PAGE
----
iGeneration: How We Have Evolved from Fire to Smartphones

1177 WordsJul 17, 20185 Pages
The human kind has moved forward into a tech savvy generation where most people are so in tuned with their devices because of the ever so famous technological boom of the 20th century. With smartphones, tablets and other devices, the growth of technology has steered and guided the changes of how humans communicate with another and how we are connecting, bonding and unifying in a whole new level both emotionally and physiologically. The brain creates a new neural pathway in result of us using technology such as the Internet and causes new associations and relations to be generated quicker and by different means. Latest research suggests that the human brain may interpret electronic interaction as same as it would be in person. Others can…show more content…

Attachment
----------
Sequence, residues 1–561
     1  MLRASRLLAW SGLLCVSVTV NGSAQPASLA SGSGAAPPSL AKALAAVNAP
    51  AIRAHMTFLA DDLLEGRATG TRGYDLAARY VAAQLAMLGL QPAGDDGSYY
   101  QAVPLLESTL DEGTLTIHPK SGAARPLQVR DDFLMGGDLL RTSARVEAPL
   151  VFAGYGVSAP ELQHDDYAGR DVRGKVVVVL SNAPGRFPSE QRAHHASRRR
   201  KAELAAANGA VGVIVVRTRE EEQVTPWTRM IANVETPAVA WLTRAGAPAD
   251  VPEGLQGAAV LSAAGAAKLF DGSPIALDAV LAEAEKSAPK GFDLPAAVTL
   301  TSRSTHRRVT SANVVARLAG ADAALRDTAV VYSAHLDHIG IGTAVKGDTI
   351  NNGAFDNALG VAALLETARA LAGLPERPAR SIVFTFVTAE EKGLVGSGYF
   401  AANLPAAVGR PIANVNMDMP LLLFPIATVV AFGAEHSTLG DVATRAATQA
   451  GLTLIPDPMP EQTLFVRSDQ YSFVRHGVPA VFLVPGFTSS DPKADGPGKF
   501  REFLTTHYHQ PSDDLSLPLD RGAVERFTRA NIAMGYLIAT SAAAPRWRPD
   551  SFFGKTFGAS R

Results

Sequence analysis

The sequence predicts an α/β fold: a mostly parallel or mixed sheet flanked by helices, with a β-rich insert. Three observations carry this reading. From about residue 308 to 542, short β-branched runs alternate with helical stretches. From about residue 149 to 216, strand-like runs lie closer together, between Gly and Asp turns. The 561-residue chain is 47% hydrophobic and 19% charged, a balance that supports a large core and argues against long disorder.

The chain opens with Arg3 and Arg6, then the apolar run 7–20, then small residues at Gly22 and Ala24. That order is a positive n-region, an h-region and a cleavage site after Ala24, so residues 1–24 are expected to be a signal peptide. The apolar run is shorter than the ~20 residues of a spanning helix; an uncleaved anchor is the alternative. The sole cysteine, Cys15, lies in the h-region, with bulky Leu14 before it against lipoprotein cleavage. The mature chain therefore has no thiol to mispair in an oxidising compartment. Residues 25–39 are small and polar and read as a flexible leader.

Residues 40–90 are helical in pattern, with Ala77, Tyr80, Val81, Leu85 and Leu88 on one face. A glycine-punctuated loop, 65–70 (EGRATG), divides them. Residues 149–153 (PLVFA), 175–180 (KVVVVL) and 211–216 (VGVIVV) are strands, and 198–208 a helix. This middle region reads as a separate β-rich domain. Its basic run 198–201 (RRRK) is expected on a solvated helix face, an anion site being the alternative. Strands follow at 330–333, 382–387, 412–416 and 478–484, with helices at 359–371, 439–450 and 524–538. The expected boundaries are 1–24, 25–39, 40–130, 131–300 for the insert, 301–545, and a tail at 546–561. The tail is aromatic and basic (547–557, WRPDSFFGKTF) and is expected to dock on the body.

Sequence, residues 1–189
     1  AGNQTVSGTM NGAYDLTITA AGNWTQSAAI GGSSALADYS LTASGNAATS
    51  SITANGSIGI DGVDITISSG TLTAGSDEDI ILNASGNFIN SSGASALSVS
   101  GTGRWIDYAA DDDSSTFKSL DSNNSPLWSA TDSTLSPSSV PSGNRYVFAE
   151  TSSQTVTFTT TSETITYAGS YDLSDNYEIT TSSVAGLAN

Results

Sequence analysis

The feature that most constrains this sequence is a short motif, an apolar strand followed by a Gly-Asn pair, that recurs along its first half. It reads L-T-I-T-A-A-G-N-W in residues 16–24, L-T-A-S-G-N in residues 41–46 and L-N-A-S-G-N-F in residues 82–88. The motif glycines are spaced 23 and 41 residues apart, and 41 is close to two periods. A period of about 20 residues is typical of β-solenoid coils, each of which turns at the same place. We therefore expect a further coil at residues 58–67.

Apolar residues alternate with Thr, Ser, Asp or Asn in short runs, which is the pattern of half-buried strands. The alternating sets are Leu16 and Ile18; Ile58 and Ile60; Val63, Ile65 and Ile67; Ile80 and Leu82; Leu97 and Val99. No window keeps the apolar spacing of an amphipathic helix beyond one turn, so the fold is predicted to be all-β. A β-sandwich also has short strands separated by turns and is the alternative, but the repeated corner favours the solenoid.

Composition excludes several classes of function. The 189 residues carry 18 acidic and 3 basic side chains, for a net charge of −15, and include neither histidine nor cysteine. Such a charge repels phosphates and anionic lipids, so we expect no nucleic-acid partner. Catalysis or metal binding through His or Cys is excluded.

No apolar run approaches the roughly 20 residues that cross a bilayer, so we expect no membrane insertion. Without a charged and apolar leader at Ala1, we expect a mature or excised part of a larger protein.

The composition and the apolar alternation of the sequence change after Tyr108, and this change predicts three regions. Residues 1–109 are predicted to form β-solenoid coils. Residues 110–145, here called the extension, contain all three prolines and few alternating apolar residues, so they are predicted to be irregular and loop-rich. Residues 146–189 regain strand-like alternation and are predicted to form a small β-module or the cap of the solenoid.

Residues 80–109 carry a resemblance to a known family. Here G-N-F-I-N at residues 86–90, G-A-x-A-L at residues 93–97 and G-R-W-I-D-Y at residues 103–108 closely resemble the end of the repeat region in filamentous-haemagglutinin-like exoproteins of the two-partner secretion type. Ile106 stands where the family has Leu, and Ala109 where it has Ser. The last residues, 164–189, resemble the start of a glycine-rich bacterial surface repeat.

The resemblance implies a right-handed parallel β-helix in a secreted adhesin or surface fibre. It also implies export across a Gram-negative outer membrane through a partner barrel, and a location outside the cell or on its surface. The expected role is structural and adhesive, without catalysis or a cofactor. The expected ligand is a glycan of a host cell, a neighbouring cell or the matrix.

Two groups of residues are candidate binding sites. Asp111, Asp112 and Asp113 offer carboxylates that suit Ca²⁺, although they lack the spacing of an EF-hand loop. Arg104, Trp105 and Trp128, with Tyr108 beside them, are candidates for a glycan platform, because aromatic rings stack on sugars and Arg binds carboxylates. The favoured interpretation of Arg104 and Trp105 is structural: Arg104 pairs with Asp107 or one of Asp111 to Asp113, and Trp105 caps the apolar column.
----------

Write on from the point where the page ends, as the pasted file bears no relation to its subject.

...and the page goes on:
Correspondingly, our emotional ties and reactions have also changed to accommodate what we now consider interaction. Dating and relationships has been an important issue relating to technology because it can potentially have a dramatic consequence for society. Digital communication can be manipulated and changed with the traditional way of interacting. This can be theoretically be dangerous, though not necessarily damaging. There are so positive aspects in modern and advance communication. As our technology become more sophisticated and complex, our generation will adjust to it even know we are unaware of the outcome of how it will affect is. It is important to study these changes in order to have a grasp the transformations that we are unescapably going through. It is fairly obvious that digital communication is expeditiously become the new norm. “The problem was not the will to communicate, but the effort we put into it. Facebook is more convenient than anything else — a problem I eventually realized — and because almost everyone (our age) we encounter uses it, it is the prime force of communication. So what does this mean for the future? Where will this take us?” (Simons, 2010) Sean Simons, a writer for Collegiate Times talked about how technology is

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